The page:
Tuesday Jan. 14 1862
HOWLING HATTERAS HURRICANE HORRIFIES HUNDREDS
Gen. Ambrose Burnside was supposed to be leading an invasion force
of nearly 100 ships to Hatteras Inlet, N.C. Instead he was spending
his time on continuous rescue missions as the ships of his fleet
were torn by fierce winds and storm. Many were being driven onto
shoals and sandbars as their anchor lines were dragged or broke
entirely. Burnside was seen on one tugboat personally leading a
rescue party to the “City of New York” which was loaded with stores;
he was willing to let the stores go but wanted to rescue the crew.
All of this chaos was going on within the relative shelter of the
inlet; many of the ships of the mission had not made it even that
far, could not attempt the entrance as long as the wind blew, and
were at the mercy of the storm on the open ocean. As this was taking
place in the dead of winter the storm was probably not a hurricane
in the technical sense, but few cared to debate the finer points of
Wednesday, Jan. 14, 1863
COUTHOUY’S CONFOUNDED COLUMBIA CATASTROPHE
A year later, and high seas and high winds again pounded the
coastline of North Carolina. Today these forces combined to bring
low the USS Columbia. Part of the Hatteras patrol, Lt. Joseph P.
Couthouy’s command ran aground. Despite the desperate attempts of
her crew to free her, it proved impossible. They set her afire and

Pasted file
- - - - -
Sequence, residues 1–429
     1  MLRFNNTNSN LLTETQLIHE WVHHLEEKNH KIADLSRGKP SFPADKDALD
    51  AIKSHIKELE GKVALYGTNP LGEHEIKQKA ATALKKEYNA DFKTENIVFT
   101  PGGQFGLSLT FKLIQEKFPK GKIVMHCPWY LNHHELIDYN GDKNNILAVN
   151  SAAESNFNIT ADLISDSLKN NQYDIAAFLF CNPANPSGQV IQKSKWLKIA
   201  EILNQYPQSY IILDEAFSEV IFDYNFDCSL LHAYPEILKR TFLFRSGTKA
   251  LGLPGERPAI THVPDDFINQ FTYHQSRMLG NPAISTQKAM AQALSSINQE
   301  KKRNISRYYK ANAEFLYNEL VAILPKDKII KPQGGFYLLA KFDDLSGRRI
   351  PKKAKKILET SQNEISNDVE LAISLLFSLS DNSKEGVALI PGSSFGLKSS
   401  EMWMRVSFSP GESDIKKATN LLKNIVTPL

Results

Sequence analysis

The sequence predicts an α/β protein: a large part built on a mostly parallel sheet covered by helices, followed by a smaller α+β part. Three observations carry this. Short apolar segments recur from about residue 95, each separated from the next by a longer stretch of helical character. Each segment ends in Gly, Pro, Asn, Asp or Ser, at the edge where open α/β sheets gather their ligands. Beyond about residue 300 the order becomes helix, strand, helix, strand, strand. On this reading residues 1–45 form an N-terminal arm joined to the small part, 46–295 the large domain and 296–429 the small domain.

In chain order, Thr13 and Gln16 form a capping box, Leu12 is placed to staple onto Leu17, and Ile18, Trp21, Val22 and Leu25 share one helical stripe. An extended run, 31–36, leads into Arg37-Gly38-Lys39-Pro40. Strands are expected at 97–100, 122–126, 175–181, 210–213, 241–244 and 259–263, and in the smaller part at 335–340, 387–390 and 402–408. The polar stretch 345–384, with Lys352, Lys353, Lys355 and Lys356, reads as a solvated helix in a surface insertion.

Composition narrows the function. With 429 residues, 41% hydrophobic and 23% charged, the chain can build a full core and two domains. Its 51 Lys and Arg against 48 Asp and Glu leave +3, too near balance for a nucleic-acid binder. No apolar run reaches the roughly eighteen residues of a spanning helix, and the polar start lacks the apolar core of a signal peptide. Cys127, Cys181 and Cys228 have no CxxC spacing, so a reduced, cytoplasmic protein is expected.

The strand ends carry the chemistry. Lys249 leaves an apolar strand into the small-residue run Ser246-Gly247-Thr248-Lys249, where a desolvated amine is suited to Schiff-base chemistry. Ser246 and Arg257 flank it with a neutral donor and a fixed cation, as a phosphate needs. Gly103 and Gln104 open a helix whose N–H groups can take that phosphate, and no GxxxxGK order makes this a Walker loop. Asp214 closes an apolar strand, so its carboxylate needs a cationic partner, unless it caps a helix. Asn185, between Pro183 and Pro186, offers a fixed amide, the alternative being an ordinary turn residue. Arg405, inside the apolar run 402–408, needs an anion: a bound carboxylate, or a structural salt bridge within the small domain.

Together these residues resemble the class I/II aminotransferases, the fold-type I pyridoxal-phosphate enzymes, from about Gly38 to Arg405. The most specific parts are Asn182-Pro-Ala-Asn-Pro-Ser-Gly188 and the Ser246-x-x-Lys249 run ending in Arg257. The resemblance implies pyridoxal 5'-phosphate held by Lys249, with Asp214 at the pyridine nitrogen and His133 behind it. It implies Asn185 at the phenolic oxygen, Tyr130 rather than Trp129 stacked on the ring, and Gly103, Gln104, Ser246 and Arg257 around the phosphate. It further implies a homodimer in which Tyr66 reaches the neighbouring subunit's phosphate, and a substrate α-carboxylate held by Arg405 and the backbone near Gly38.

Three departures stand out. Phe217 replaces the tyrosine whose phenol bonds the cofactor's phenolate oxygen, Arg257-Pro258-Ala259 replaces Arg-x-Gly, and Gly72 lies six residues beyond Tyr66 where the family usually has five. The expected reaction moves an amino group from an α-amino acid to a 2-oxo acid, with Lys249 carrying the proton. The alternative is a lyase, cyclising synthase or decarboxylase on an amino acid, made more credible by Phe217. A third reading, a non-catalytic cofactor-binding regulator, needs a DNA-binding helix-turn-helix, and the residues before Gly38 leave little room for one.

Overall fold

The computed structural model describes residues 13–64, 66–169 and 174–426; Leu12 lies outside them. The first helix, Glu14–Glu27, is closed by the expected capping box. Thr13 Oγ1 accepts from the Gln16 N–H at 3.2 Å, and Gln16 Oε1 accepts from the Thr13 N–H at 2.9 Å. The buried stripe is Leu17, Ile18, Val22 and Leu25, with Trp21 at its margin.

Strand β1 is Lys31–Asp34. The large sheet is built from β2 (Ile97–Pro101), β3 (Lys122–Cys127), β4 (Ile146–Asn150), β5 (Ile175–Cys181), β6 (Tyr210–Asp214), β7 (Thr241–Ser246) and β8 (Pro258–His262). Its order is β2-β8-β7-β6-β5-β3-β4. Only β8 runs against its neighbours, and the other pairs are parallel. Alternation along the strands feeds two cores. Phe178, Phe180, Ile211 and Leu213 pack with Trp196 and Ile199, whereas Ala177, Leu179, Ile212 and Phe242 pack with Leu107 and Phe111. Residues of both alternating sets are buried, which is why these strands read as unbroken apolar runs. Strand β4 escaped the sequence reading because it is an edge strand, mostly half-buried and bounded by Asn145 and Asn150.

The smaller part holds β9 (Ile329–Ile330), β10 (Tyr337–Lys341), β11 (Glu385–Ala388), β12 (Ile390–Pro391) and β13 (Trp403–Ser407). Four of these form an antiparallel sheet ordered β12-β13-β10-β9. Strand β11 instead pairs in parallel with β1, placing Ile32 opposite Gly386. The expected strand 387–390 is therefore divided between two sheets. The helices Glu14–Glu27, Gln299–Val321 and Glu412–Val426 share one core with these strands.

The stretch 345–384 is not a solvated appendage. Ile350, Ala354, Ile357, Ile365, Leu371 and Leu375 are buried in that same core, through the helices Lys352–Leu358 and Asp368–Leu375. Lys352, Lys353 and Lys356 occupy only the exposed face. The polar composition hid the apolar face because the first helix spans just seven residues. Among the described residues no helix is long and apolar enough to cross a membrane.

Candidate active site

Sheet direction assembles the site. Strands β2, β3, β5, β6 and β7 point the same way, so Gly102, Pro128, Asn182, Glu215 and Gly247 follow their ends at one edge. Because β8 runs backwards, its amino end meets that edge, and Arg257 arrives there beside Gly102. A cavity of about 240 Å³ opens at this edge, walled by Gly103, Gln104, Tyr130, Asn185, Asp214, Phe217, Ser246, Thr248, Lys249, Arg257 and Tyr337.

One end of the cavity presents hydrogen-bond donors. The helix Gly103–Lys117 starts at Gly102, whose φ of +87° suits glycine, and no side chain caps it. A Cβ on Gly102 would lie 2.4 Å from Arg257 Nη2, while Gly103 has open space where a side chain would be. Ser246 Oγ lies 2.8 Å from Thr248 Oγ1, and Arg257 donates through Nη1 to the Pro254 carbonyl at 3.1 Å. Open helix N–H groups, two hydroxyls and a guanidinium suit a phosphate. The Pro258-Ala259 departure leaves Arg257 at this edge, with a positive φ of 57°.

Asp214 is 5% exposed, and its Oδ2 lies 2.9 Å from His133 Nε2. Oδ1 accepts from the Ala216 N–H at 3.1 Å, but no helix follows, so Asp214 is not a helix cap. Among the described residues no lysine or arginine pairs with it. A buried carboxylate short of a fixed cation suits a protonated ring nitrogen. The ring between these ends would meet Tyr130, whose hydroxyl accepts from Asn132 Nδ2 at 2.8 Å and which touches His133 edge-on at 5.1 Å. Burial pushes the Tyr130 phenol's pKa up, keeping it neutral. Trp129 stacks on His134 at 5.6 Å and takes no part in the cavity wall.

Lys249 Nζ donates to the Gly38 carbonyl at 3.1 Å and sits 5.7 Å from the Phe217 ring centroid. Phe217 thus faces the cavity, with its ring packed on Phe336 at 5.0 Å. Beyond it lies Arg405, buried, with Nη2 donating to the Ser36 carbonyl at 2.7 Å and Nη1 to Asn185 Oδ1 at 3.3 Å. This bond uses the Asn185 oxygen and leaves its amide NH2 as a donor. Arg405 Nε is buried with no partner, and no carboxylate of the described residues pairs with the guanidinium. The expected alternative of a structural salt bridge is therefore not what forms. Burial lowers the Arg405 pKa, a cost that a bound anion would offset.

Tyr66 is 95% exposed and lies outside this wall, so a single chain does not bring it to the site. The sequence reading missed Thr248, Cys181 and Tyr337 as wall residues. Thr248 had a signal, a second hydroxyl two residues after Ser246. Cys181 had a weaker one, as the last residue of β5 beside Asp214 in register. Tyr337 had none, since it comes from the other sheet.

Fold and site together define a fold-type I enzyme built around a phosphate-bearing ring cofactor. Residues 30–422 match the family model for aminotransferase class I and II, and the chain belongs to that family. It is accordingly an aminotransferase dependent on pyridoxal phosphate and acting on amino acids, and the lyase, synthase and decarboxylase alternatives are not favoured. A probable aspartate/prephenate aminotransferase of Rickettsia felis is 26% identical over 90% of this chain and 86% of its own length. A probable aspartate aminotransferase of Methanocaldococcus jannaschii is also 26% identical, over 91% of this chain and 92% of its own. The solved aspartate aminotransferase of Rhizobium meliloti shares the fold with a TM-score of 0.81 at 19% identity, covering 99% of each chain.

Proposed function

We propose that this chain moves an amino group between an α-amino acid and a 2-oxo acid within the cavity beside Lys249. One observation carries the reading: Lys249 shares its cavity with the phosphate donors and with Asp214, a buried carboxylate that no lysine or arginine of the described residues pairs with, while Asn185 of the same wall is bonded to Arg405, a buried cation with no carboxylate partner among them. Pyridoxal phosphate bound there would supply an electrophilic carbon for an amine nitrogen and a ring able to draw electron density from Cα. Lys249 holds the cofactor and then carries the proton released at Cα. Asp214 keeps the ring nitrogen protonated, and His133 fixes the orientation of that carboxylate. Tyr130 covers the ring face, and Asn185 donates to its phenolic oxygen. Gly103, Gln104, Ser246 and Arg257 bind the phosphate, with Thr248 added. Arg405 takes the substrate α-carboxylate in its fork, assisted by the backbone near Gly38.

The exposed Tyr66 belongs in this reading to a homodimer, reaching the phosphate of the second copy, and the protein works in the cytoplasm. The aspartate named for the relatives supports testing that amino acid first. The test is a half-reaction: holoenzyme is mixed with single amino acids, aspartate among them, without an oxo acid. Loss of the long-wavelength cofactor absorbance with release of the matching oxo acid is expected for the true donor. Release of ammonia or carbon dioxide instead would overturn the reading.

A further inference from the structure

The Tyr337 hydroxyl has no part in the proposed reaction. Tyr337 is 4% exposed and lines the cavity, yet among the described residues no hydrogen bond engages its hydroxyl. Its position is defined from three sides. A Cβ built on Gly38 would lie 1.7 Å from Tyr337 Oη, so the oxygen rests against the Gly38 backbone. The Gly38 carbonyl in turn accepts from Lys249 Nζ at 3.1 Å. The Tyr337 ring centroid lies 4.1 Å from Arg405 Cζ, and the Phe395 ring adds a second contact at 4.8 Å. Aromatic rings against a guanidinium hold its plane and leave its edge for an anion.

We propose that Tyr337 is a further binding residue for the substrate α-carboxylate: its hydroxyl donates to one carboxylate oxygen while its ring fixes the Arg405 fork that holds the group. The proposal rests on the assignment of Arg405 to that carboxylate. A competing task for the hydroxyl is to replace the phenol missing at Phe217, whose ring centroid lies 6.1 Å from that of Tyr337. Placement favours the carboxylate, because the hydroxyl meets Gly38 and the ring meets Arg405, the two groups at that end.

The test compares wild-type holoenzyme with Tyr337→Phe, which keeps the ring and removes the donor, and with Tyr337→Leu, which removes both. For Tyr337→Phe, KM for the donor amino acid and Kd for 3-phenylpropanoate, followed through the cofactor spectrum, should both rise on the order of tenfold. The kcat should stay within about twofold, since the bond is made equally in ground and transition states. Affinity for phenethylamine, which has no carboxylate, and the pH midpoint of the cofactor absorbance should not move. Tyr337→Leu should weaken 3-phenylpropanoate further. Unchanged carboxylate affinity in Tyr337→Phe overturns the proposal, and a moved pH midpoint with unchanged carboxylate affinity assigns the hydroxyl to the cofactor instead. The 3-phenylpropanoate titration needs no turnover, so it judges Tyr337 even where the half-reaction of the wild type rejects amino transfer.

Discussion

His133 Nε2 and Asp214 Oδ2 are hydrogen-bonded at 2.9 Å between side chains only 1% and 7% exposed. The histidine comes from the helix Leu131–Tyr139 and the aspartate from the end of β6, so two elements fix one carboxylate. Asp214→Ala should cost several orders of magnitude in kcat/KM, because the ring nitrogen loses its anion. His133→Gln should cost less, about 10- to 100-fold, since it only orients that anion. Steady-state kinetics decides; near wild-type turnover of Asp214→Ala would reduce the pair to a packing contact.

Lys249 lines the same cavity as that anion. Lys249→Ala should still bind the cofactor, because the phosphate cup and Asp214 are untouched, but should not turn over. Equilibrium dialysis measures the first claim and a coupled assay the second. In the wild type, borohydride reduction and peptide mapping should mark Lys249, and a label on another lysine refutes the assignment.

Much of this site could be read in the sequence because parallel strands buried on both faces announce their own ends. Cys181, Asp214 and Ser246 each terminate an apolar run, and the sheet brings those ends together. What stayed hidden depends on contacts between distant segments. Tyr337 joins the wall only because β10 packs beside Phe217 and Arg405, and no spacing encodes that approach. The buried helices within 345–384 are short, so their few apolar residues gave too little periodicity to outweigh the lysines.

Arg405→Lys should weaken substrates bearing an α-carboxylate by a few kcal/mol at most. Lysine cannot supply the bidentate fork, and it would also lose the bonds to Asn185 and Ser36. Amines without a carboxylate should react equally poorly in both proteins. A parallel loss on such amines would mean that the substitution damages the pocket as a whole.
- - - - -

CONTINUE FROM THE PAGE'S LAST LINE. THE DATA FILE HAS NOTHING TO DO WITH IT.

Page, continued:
then faced another problem: getting to shore without drowning.
Amazingly, they succeeded in this and were overjoyed to have escaped
with their lives. That turned out to be all they survived with: they
were forced to surrender to the Confederates three days later.
Thursday, Jan. 14, 1864
SHERRILL SECURES SALT SABOTEURS
Following in the footsteps of W.R. Browne and the USS “Restless”,
Acting Master Sherrill and his USS Roebuck took over the task of
terrorizing the salt suppliers of South Florida, or at least making
life miserable for the parties transporting the valuable
preservative. On this day, patrolling in Jupiter Inlet, Sherrill
used small boats to pursue the British sloop “Young Racer”. This
vessel, tragically for her captain, crew and owners, lived up to
neither half of her name, and was overhauled in a short time. Before
she could be captured, though, she was set on fire by her crew.
Overloaded with salt, she sank rapidly.
Saturday, Jan. 14, 1865
FORT FISHER FIGHTING FURIOUS
The combined land and sea attack on Ft. Fisher entered its second
day, with Navy gunboats firing at a rate of 100 shells per minute.
Confederate defenders suffered 300 dead, and were unable to bury
them due to the severity of the shrapnel. In fact, the fire was so
intense that only one gun on the landward side of the fort was still
operational, all the others having been dismounted by shellfire.
While the Navy handled that part of the operation, the Army
protected its rear against possible attack by Braxton Bragg, and
prepared to move forward against the fort.
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